The event was great! We had about 70 middle schoolers from the DC area, who came from diverse backgrounds. About 30 high schoolers from TJ volunteered as mentors. We used Code Academy and MIT App Inventor to teach the middle schoolers about coding. We had judges from Google Developers Group , Github , and Array Information Technology . The winning team created a “space race” app, but there was a wide variety. Some apps included photos or organizer functions. One app was designed like Candyland, where students progressed through to learn different subjects.
The event encouraged collaboration. Some groups had “leaders” and others didn’t, but everyone was able to contribute ideas either way. Collaboration around a foreign concept is the best collaboration, because everyone’s learning something new. Students brought different knowledge and skills to the group, so they had to work together to succeed. Going forward, I want to make this more of a true hackathon, where students use skills that apply outside of computer science. I’d also like to expand the event to include more students.
NOVA Connection: Introduce your students to coding with the Cybersecurity Lab . In this Lab, students can grasp the basics of coding, learn how to spot phishing scams, and practice creating strong passwords. The Lab also features the video “ The Secret Lives of Hackers ” which examines different types of hackers, including those working with good intentions.
Your app aims to help students study and retain information. How can students maximize their own learning?
The key is finding the strategy that helps you. There isn’t one strategy that works for everyone, because we all have different learning styles. Similar to that, studying different subjects requires different approaches. You can’t study math and science the same way, because you use different skills in those classes. It’s important not be afraid to ask for help. If you don’t understand something, you’ll learn much more by asking questions than trying to figure it out yourself.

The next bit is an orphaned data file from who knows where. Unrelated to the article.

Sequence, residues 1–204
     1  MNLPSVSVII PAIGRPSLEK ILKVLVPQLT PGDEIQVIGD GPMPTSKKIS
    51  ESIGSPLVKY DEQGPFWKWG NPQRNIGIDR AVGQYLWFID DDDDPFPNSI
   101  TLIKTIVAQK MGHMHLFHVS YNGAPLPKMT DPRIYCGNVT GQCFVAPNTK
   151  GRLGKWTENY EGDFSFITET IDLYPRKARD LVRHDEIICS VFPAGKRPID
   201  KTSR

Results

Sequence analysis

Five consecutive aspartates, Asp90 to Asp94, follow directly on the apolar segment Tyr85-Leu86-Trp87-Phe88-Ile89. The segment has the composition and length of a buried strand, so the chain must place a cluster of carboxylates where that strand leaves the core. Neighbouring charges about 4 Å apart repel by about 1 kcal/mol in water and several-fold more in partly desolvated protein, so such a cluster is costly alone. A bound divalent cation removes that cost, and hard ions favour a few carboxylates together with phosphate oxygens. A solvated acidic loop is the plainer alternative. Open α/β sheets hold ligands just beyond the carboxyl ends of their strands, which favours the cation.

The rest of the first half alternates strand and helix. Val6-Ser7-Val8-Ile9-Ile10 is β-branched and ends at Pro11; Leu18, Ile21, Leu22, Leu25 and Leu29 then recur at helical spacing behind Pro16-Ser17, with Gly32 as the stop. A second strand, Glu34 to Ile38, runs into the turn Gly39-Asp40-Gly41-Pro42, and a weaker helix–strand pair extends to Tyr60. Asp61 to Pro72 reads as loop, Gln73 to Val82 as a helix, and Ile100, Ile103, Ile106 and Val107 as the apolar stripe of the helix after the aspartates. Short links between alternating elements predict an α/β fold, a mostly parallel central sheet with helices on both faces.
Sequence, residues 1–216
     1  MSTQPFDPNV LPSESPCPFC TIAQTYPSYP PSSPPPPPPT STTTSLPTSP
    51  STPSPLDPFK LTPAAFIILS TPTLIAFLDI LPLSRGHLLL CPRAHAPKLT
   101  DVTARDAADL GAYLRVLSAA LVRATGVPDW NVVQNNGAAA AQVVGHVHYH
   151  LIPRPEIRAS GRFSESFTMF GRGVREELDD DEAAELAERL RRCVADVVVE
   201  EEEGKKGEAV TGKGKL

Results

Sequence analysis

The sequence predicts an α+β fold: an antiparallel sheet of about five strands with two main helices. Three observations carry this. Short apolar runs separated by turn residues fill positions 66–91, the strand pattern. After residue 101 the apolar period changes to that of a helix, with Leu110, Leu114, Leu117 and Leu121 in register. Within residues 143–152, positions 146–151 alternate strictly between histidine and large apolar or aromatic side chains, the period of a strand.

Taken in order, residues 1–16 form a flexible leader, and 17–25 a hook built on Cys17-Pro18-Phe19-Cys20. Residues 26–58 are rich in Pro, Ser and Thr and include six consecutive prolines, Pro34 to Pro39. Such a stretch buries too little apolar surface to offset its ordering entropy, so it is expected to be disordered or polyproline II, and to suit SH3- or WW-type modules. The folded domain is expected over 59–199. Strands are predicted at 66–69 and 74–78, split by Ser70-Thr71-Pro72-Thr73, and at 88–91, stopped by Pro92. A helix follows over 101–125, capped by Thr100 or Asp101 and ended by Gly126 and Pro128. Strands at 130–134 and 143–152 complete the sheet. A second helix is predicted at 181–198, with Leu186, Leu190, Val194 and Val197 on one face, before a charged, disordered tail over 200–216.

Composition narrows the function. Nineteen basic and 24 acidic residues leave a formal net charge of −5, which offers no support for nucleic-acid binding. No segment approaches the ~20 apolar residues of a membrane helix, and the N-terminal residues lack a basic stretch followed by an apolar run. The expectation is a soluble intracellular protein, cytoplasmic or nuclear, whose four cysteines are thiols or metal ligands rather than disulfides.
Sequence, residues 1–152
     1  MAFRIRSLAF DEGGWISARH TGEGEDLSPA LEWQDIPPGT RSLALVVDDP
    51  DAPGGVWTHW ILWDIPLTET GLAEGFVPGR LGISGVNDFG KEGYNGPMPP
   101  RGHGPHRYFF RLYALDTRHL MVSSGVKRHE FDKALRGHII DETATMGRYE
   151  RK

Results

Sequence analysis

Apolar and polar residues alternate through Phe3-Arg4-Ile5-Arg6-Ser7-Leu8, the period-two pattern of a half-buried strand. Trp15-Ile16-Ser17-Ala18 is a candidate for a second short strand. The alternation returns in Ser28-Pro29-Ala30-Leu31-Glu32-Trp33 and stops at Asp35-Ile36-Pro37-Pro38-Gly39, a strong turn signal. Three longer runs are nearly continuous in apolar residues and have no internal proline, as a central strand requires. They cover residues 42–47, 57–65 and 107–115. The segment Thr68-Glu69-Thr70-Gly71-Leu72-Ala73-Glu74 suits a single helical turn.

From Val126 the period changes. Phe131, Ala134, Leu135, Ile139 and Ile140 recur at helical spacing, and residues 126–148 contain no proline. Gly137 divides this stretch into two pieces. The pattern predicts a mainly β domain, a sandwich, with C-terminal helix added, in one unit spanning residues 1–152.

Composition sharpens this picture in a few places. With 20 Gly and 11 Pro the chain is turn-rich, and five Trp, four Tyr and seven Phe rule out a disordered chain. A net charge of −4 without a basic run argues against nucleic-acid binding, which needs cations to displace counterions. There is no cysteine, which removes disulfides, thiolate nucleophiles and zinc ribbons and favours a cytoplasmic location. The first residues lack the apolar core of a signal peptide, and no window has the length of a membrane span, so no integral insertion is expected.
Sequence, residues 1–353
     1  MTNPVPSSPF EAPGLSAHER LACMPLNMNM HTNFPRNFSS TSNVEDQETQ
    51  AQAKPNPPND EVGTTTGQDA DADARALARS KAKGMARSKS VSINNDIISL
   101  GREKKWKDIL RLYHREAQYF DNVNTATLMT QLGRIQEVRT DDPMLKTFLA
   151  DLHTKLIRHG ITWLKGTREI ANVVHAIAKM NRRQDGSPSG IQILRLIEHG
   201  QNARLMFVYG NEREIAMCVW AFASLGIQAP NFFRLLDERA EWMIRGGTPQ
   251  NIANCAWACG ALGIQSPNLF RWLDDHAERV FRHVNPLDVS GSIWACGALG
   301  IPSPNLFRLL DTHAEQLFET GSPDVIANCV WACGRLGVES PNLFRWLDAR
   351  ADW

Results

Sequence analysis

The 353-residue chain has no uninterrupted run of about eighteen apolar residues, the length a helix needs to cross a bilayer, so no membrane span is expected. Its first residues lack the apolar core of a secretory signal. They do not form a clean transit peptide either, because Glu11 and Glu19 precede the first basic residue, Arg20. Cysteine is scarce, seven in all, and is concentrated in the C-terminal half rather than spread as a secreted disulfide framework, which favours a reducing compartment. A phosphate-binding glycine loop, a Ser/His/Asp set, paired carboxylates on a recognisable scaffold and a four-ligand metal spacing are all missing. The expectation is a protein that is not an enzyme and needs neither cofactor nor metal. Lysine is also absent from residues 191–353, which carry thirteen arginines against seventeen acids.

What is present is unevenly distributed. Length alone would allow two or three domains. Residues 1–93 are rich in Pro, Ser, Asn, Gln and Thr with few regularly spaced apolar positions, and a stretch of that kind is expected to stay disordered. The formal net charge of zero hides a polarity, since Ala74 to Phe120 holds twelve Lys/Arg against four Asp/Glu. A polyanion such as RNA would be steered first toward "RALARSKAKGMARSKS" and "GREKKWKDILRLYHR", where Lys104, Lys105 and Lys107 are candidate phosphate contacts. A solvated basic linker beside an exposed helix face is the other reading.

NOVA Connection: If tests make your students tense up, the NOVA scienceNOW clip “ Interfering with Fear ” might help. The clip shows the brain’s response to pressure and how writing down one’s feelings can a alleviate stress response.
What can other educators take away from LPP?
One big takeaway is to use strategies that will help your students—not just strategies that work well for you. Some teachers just call on students with questions, but students might need more encouragement and guidance before they’re ready to answer. Some instructional strategies, like self-paced assignments, won’t work for everyone either. Consider what your students need before starting something new.
NOVA Connection: Learning Pathways Project engaged students in authentic computer science inquiry during the #firsthack event. Authentic inquiry is a great way to instill key concepts and keep students interested. Molecular biologist and education postdoctoral associate Melanie Peffer shared strategies for authentic inquiry in a NOVA Education blog guest post.
What are your future plans for LPP?
Our goal is to build a safe space for students, especially girls, to explore STEM. We’d like to expand our reach nationwide, and we’d like to host more events like #firsthack. If you’d like to support our mission, email us at firstname.lastname@example.org .